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The Use of Sidewalks: Assimilation of Children

December 6, 2008

This is a continuation of the series of posts about Jane Jacobs’ book, The Death and Life of Great American Cities. The last post was about the use of sidewalks relating to contact among strangers. Today’s post is related to sidewalks’ use for assimilation of children.

41qzabjvsbl_sl160_According to Jacobs, sidewalks serve many useful purposes in addition to simply serving as a thoroughfare for pedestrians. Chapter 3, The Use of Sidewalks: Assimilation of Children, starts by telling how children are much safer while playing on the sidewalks than they are while playing in a park or playground. She explains the reason for this is that sidewalks on lively streets are always being watched by everyone else on the street. This is the very thing she talked about in Chapter 1, The Use of Sidewalks: Safety. When more people are walking to and fro on the sidewalk and going in and out of stores and shops along the street, the street is safer. It is the lack of this behavior in parks and playgrounds that tend to make them unsafe. However, there are certain exceptions where the park is small and is in the middle of a stretch of an active, busy street. This park would be safer, since it is being watched by the passersby.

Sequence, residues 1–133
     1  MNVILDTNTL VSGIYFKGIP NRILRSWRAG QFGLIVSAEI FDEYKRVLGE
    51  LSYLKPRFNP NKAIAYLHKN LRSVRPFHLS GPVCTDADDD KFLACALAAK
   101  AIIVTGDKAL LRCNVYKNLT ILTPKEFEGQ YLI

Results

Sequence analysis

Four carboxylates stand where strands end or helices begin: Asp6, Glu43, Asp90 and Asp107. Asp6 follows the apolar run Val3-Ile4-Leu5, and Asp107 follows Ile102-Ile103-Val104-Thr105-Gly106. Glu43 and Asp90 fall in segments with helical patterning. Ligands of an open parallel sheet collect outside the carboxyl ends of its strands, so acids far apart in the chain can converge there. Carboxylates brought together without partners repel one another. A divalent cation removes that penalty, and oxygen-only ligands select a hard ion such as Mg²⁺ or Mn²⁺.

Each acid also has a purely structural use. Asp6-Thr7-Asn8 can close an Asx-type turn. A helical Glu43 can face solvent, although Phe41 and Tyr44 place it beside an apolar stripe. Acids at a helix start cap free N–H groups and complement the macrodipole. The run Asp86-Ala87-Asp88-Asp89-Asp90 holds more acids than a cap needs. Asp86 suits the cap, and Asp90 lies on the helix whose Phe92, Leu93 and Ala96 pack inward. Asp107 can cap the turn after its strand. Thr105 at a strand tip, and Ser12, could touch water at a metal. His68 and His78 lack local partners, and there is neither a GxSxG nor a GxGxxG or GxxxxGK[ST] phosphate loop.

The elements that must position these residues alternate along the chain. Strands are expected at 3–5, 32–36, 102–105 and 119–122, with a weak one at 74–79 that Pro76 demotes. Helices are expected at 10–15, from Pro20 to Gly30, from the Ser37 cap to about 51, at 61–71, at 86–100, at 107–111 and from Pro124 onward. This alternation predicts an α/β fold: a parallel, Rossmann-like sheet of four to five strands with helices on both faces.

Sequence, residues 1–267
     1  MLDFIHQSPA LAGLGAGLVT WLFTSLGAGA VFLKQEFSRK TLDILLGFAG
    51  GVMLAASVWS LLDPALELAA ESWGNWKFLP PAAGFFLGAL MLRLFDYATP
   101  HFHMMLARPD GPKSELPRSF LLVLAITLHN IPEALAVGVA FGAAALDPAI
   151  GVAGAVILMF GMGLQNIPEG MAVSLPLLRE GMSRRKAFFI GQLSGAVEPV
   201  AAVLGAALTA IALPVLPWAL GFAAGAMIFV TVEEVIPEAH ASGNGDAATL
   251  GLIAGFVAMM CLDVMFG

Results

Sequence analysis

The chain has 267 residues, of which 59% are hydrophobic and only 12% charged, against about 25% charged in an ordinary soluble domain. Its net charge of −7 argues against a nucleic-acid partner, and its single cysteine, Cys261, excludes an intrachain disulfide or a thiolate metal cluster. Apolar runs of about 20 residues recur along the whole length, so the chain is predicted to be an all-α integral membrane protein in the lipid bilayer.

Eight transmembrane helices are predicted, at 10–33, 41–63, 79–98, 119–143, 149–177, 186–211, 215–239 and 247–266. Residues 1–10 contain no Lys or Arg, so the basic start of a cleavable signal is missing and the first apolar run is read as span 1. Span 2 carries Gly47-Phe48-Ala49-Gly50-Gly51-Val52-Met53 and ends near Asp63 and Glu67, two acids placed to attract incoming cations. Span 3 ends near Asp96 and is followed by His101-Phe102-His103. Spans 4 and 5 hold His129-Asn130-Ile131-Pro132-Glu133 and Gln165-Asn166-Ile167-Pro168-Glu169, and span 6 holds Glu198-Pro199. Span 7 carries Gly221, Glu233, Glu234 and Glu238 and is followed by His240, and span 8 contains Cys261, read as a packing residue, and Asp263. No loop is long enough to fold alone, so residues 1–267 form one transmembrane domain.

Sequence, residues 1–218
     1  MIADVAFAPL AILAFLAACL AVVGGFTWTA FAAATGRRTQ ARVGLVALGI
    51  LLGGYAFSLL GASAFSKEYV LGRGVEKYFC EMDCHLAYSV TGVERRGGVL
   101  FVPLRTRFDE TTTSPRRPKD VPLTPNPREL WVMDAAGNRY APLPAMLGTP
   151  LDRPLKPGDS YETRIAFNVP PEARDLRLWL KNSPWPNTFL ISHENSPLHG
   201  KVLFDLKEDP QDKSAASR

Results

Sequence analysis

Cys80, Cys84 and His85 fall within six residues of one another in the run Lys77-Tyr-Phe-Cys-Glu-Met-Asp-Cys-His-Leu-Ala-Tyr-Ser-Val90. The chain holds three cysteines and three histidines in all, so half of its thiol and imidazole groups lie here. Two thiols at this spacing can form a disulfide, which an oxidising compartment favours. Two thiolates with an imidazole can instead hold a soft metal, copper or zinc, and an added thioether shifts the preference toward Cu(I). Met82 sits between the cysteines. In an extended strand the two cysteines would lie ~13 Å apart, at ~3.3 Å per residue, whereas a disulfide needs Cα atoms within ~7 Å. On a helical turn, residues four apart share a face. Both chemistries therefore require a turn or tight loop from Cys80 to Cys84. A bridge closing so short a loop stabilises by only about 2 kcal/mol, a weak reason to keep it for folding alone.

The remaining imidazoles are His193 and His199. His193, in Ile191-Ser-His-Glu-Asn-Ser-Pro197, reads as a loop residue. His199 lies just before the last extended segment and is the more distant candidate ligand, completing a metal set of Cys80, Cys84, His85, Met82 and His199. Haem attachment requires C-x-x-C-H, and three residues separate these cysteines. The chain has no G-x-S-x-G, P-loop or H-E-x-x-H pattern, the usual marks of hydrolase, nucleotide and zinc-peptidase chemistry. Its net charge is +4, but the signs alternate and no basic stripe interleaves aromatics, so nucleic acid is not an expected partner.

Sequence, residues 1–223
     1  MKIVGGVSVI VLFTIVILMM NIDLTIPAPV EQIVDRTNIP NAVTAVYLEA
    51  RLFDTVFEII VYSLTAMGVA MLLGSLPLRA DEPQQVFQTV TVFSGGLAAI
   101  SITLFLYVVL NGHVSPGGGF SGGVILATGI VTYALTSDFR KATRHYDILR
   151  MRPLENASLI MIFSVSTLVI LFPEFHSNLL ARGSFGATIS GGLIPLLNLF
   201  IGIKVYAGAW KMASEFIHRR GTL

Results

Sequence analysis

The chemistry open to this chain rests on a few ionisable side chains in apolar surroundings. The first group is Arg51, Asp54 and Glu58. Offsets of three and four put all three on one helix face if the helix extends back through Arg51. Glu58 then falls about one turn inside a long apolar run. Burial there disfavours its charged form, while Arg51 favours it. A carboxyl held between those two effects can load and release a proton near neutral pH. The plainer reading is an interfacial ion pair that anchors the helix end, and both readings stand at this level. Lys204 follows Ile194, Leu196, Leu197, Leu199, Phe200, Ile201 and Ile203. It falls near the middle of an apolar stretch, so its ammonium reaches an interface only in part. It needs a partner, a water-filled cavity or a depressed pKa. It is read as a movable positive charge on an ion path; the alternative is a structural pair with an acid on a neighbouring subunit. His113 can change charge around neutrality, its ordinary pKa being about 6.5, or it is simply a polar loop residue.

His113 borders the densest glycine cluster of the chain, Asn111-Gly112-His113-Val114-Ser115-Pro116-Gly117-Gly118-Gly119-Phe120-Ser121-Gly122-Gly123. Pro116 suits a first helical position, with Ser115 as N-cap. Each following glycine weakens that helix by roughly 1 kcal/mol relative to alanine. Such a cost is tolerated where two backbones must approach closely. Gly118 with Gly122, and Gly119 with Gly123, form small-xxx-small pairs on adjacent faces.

She goes on to say that sidewalk interaction is vital to rearing a child. She says that strangers take some limited responsibility for others and seeing this in action is what creates a more well-rounded child. She says this lesson can not be learned merely by the parent telling the child, but the child must experience it in action. She gives the example of a shopkeeper sticking his head out of his door to yell to a child who is entering a busy street. Seeing this happen shows the rest of the children that the shopkeeper has a certain degree of responsibility for them. Then, when they grow up, they are more likely to exhibit this behavior to others.

The final thing Jacobs says about sidewalks’ use in the assimilation of children is that by being in an atmosphere of a mixture of adults, the children learn things from all the different types of people — women and men, young and old. She says that the current planning theory, which places high priority on separating commercial areas from residential areas, is very matriarchal. Historically, the father worked and the mother stayed home. This is not the case as much today as it was when Jacobs wrote the book in 1961, but the concept still applies. So my mixing residential and commercial and allowing the children to play in the sidewalks, they get exposure to men and women of all ages from whom they will learn valuable life lessons.


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